Flash Player adds H.264, AAC support

Adobe Flash logo Yesterday Adobe released a beta version of its Flash Player browser plugin capable of decoding H.264 video, AAC audio, and associated rich metadata. Web browsers utilizing Flash or higher will now be able to playback content encoded for digital television, iPods, and high-end mobile phones using international standards. Adobe’s support for these standardized audio and video codes will streamline the production process for desktop and web video, hopefully reducing time-to-market and opening more video catalogs to online viewers. A beta version of the new player, Flash Player 9 Update 3 Beta 2 “Moviestar”, is available from Adobe Labs.

Flash video sites such as MySpace or YouTube currently encode video content using the On2 TrueMotion VP6 codec and MP3 audio built-in to Flash 8 and above. Some sites also output content in H.264 with AAC audio for playback on handheld devices such as the iPod, iPhone, or Nokia N-series handsets. The new Flash Player lets publishers skip the extra step of VP6 encoding and pipe in H.264 content using their existing web players. Flash programs rely on the same NetStream method used for existing Flash video with a few new optional callbacks for metadata and encoding types.

Adobe licensed core codec technologies from MainConcept for x86, PowerPC, and ARM processor architectures. The new media technologies will be bundled with the next major Flash Player release and Adobe AIR (formerly code-named Apollo), both expected this Fall. The new technology will also power Adobe Media Player (formerly code-named Philo), expected in early 2008.

Hardware acceleration

AAC and H.264 are ISO standards introduced in 1997 and 2003 respectively. Over the past 4-10 years hardware manufacturers have introduced specialized hardware encoders and decoders for the professional video industry to speed-up the production and presentation process. Like most new hardware technologies initial solutions cost thousands of dollars and were beyond the reach of most consumers but we’re finally starting to see low-priced hardware optimized for multimedia encoding and decoding. The recent acceleration in hardware encoding and decoding solutions is partially driven by the large data processing requirements of high-definition H.264 video on Blue-ray and HD-DVD media.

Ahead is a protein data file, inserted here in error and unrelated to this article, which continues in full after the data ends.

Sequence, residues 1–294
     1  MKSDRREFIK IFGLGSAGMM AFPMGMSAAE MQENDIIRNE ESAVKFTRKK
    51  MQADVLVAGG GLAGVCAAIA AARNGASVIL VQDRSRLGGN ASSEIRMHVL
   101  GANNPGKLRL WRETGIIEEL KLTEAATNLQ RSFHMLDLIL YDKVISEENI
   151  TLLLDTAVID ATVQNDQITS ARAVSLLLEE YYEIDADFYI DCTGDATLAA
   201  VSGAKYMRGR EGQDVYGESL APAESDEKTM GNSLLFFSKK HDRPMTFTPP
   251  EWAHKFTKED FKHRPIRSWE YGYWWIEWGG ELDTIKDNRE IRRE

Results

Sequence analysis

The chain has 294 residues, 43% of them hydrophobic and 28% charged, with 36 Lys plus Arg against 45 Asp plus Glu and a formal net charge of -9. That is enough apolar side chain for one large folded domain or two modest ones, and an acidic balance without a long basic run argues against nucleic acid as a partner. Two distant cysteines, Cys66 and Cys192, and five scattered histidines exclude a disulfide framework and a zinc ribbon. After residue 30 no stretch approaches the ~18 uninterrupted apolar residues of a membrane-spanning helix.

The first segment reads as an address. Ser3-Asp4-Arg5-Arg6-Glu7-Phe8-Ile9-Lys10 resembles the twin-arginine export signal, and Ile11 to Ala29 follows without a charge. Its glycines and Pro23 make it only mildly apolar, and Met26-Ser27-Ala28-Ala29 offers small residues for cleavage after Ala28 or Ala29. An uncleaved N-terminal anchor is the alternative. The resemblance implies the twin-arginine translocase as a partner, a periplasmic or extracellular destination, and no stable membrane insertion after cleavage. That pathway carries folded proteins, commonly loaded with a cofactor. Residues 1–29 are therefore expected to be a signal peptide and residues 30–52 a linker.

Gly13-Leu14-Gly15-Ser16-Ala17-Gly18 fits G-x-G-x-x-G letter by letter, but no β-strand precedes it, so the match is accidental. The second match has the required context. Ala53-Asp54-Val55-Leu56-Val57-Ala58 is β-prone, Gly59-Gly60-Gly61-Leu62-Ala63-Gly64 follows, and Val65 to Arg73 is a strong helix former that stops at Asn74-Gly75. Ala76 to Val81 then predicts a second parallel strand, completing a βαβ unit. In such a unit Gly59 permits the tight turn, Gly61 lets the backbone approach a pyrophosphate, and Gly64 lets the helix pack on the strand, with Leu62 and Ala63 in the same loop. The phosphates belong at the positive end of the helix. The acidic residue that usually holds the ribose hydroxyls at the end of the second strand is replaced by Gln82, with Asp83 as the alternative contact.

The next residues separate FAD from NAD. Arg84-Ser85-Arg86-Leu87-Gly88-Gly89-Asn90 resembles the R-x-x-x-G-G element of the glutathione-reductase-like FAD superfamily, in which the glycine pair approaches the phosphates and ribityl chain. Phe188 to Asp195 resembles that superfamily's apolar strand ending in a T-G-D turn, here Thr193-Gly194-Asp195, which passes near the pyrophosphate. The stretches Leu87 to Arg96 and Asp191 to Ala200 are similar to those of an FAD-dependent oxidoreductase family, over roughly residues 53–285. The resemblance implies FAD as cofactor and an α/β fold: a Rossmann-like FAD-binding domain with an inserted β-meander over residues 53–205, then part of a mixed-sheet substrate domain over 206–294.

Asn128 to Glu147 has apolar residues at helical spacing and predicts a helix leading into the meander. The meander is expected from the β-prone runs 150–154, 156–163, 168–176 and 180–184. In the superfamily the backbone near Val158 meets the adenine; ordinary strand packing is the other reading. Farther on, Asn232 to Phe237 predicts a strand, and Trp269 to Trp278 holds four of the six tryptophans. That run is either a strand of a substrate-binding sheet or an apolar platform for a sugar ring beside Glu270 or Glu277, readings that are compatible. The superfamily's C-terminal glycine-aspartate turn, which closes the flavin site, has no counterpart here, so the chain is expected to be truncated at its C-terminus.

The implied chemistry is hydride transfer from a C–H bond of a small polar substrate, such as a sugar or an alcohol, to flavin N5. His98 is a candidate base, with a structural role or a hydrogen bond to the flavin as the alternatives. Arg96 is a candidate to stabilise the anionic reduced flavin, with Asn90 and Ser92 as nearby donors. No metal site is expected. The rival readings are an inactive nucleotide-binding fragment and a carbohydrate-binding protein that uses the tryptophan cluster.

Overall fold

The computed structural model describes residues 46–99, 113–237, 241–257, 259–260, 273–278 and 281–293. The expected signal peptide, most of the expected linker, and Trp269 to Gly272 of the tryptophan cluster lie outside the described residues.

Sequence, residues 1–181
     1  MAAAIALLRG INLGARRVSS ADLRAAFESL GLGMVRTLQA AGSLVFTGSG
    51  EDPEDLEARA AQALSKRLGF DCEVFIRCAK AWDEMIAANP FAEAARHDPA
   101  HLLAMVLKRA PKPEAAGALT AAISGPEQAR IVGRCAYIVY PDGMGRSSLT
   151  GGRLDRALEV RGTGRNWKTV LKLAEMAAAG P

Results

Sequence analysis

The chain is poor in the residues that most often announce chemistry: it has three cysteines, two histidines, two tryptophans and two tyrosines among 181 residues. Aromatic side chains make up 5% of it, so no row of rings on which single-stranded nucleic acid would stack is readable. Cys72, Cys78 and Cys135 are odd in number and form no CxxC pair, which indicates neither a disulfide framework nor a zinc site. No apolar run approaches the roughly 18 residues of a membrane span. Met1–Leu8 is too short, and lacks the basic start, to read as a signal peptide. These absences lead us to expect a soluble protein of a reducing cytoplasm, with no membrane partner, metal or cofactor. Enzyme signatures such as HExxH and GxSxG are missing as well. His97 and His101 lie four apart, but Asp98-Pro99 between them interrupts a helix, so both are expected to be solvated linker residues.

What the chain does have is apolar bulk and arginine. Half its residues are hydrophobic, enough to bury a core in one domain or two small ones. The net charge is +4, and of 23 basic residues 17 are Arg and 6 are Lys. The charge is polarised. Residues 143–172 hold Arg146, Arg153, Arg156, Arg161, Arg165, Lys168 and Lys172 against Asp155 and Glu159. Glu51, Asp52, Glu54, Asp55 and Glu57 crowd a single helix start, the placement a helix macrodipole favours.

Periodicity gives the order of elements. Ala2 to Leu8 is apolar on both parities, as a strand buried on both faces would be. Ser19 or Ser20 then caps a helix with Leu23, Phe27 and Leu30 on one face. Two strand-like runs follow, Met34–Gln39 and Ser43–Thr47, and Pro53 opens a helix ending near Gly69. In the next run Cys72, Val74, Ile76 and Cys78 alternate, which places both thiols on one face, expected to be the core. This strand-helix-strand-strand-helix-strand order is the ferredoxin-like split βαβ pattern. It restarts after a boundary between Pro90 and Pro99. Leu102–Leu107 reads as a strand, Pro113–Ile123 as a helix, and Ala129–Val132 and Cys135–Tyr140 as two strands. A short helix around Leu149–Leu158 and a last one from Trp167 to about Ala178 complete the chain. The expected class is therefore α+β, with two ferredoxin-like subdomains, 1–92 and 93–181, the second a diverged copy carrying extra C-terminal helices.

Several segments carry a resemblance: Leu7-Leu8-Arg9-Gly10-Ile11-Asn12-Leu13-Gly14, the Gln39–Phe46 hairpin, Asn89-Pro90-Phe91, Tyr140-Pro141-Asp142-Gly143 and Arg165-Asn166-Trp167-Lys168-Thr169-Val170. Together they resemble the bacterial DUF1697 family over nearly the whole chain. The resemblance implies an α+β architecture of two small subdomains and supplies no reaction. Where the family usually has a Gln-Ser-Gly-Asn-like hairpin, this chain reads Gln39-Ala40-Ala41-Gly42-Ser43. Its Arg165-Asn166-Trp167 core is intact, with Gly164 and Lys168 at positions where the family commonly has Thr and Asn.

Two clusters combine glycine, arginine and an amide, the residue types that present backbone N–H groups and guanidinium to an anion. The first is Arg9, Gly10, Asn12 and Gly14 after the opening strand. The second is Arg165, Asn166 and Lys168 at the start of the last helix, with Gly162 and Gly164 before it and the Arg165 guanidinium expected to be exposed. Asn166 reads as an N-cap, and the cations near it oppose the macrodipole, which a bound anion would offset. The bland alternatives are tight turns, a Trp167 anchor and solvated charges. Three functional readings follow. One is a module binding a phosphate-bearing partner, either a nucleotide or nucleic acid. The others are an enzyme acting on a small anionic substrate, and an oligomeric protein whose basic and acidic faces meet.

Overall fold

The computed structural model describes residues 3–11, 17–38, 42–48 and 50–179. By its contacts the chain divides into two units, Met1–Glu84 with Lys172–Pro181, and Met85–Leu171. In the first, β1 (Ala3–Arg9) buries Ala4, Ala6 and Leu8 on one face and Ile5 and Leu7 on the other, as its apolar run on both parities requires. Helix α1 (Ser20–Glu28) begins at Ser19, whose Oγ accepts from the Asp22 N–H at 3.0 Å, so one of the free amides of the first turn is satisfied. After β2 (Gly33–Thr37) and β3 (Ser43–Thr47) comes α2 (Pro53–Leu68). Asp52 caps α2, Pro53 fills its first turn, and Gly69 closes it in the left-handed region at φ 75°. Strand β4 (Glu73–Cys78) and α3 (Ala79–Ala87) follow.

Current H.264 hardware sampling

Enhanced metadata support

Flash Player now supports 3GPP time text tracks, iTunes metadata (“ilst” atom), and chapter listings for easy-to-navigate playback and searchability. Flash developers will need to listen for and handle each format but publishers may choose to output a full transcript or keyword markers with every video.

Chapters technology lets publishers addressable parts of a movie. The nightly news might contain a chapter marker for each story or a music video countdown might list the start of each new video as a distinct chapter.

Timed text is a closed-caption format for audio and video. A content producer might sync a full transcript to audio or video input to improve the parsing abilities of search engines, foreign language translations, or persons with disabilities.

Technical notes

The new Flash player decodes Base, Main, and High H.264 profiles and Main, LC, and HE AAC profiles. Sound is mixed down to two-channels and resampled to 44.1Khz according to Adobe developer Tinic Uro. This downmixing is a limitation of the current Flash sound engine, which dates back to 1996 and will likely need to be rewritten for the current publishing environment and ActionScript 3 architecture.

There is currently no support for third-party streaming services. Media companies who would like to stream H.264 and AAC content to the new Flash Players need to use the upcoming Flash Media Server 3.


Web video and its production process just received a major upgrade with Adobe’s latest decoders in Flash 9. New opportunities for hardware acceleration, streamlined encoding, and multiple device support will increase the amount of video available for playback within web pages. Media companies have a new level of archival confidence this week as well, with one major international formatting option delivering quality video for the foreseeable future.

We will not see a change in online video overnight. Once Adobe releases the final version of this new Flash 9 player users will need to upgrade, either automatically through the Player’s built-in update system or through a separate download, before publishers can feel confident switching their Flash video players to H.264 sources.

One big story that has yet to play out is Flash Lite and AIR on mobile systems. Adobe would like to compete with Microsoft and Sun in this application space and already has a major proving ground in Japan. Flash Lite 3 is based on Flash 8 and already shipping on devices such as Chumby so it may be too late for the ActionScript 3 player paired with the underlying ARM codecs. Adobe AIR may be bundled separately with mobile carrier contracts and is expected to have Flash 9 features such as H.264 and AAC included.